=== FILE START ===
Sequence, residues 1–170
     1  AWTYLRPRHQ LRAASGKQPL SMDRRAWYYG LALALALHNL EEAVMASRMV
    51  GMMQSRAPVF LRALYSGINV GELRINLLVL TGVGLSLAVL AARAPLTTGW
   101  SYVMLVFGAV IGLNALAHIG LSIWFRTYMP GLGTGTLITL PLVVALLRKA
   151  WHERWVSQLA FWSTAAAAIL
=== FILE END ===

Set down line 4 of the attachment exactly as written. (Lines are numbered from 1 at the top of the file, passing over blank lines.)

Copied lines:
   101  SYVMLVFGAV IGLNALAHIG LSIWFRTYMP GLGTGTLITL PLVVALLRKA